City Research Online

Magnitude and determinants of excess total, age-specific and sex-specific all-cause mortality in 24 countries worldwide during 2020 and 2021: results on the impact of the COVID-19 pandemic from the C-MOR project

Pallari, C. T., Achilleos, S., Quattrocchi, A. , Gabel, J., Critselis, E., Athanasiadou, M., Rahmanian Haghighi, M. R., Papatheodorou, S., Liu, T., Artemiou, A., Rodriguez-Llanes, J. M., Bennett, C. M., Zimmermann, C., Schernhammer, E., Bustos Sierra, N., Ekelson, R., Lobato, J., Macedo, L., Mortensen, L. H., Critchley, J., Goldsmith, L. ORCID: 0000-0002-6934-1925, Denissov, G., Le Meur, N., Kandelaki, L., Athanasakis, K., Binyaminy, B., Maor, T., Stracci, F., Ambrosio, G., Davletov, K., Glushkova, N., Martial, C., Chan Sun, M., Hagen, T. P., Chong, M., Barron, M., Łyszczarz, B., Erzen, I., Arcos Gonzalez, P., Burström, B., Pidmurniak, N., Verstiuk, O., Huang, Q., Polemitis, A., Charalambous, A. & Demetriou, C. A. (2024). Magnitude and determinants of excess total, age-specific and sex-specific all-cause mortality in 24 countries worldwide during 2020 and 2021: results on the impact of the COVID-19 pandemic from the C-MOR project. BMJ Global Health, 9(4), article number e013018. doi: 10.1136/bmjgh-2023-013018


To examine the impact of the COVID-19 pandemic on mortality, we estimated excess all-cause mortality in 24 countries for 2020 and 2021, overall and stratified by sex and age.

Total, age-specific and sex-specific weekly all-cause mortality was collected for 2015–2021 and excess mortality for 2020 and 2021 was calculated by comparing weekly 2020 and 2021 age-standardised mortality rates against expected mortality, estimated based on historical data (2015–2019), accounting for seasonality, and long-term and short-term trends. Age-specific weekly excess mortality was similarly calculated using crude mortality rates. The association of country and pandemic-related variables with excess mortality was investigated using simple and multilevel regression models.

Excess cumulative mortality for both 2020 and 2021 was found in Austria, Brazil, Belgium, Cyprus, England and Wales, Estonia, France, Georgia, Greece, Israel, Italy, Kazakhstan, Mauritius, Northern Ireland, Norway, Peru, Poland, Slovenia, Spain, Sweden, Ukraine, and the USA. Australia and Denmark experienced excess mortality only in 2021. Mauritius demonstrated a statistically significant decrease in all-cause mortality during both years. Weekly incidence of COVID-19 was significantly positively associated with excess mortality for both years, but the positive association was attenuated in 2021 as percentage of the population fully vaccinated increased. Stringency index of control measures was positively and negatively associated with excess mortality in 2020 and 2021, respectively.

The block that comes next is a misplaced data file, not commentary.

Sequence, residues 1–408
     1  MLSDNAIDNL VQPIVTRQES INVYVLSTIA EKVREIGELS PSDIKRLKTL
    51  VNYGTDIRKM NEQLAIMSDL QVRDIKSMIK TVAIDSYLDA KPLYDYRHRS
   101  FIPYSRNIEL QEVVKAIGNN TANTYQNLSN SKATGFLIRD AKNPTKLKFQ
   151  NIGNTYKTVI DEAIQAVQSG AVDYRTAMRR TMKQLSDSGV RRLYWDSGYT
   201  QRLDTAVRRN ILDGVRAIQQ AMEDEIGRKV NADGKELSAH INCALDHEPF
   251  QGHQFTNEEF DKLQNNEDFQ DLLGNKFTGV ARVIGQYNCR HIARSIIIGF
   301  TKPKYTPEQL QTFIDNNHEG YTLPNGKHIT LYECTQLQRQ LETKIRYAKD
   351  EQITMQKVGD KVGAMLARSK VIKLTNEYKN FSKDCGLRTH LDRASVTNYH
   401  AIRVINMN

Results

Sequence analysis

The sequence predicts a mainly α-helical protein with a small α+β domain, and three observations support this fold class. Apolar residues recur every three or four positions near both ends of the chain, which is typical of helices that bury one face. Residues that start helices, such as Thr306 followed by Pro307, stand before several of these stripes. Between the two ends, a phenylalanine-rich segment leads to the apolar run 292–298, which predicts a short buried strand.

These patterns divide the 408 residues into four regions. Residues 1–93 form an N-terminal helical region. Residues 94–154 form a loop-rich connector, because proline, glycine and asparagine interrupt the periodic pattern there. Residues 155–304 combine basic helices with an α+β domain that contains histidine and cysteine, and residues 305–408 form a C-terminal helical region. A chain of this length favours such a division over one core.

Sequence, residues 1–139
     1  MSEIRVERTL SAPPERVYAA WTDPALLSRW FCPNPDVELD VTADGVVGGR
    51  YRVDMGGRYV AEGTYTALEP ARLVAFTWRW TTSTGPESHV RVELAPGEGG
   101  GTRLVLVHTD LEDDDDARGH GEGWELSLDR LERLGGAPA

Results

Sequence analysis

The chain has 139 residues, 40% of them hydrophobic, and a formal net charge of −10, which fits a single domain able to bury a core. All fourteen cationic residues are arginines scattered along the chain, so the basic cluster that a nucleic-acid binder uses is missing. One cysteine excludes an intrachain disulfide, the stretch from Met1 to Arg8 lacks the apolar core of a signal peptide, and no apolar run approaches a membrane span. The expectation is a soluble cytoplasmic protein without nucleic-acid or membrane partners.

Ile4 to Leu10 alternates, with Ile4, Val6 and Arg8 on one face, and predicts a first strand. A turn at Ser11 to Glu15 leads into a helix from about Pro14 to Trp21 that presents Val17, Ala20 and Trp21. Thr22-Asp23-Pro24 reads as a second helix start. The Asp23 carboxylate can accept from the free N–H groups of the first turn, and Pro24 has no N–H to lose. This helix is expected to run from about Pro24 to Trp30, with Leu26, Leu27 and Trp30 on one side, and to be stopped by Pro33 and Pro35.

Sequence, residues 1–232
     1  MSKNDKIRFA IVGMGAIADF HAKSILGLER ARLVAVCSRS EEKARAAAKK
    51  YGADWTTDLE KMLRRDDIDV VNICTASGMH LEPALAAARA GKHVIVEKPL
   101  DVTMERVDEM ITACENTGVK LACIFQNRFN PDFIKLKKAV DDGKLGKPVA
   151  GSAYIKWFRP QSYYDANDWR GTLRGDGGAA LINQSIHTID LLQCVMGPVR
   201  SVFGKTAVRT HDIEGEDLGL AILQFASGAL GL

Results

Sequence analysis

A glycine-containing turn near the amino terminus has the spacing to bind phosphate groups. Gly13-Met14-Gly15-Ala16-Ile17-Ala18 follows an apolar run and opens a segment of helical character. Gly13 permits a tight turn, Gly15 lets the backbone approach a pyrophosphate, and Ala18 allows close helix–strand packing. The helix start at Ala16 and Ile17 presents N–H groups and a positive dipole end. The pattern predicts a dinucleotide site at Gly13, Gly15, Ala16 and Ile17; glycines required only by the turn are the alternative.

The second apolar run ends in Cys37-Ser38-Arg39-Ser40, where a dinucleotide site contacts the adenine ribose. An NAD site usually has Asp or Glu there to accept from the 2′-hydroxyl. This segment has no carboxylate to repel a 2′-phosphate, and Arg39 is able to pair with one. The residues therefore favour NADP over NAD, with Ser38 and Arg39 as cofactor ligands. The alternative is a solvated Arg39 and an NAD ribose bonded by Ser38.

This study provides evidence of substantial excess mortality in most countries investigated during the first 2 years of the pandemic and suggests that COVID-19 incidence, stringency of control measures and vaccination rates interacted in determining the magnitude of excess mortality.

Publication Type: Article
Additional Information: © Author(s) (or their employer(s)) 2024. Re-use permitted under CC BY-NC. No commercial re-use. See rights and permissions. Published by BMJ. is an open access article distributed in accordance with the Creative Commons Attribution Non Commercial (CC BY-NC 4.0) license, which permits others to distribute, remix, adapt, build upon this work non-commercially, and license their derivative works on different terms, provided the original work is properly cited, appropriate credit is given, any changes made indicated, and the use is non-commercial. See:
Publisher Keywords: COVID-19, Control strategies, Epidemiology, Public Health, Vaccines, Female, Male, Humans, COVID-19, Pandemics, Italy, Greece, Age Factors
Subjects: H Social Sciences > HA Statistics
R Medicine > RA Public aspects of medicine > RA0421 Public health. Hygiene. Preventive Medicine
Departments: School of Health & Psychological Sciences
School of Health & Psychological Sciences > Healthcare Services Research & Management
SWORD Depositor:
[thumbnail of e013018.full.pdf]
Text - Published Version
Available under License Creative Commons Attribution Non-commercial.

Download (4MB) | Preview


Add to AnyAdd to TwitterAdd to FacebookAdd to LinkedinAdd to PinterestAdd to Email


Downloads per month over past year

View more statistics

Actions (login required)

Admin Login Admin Login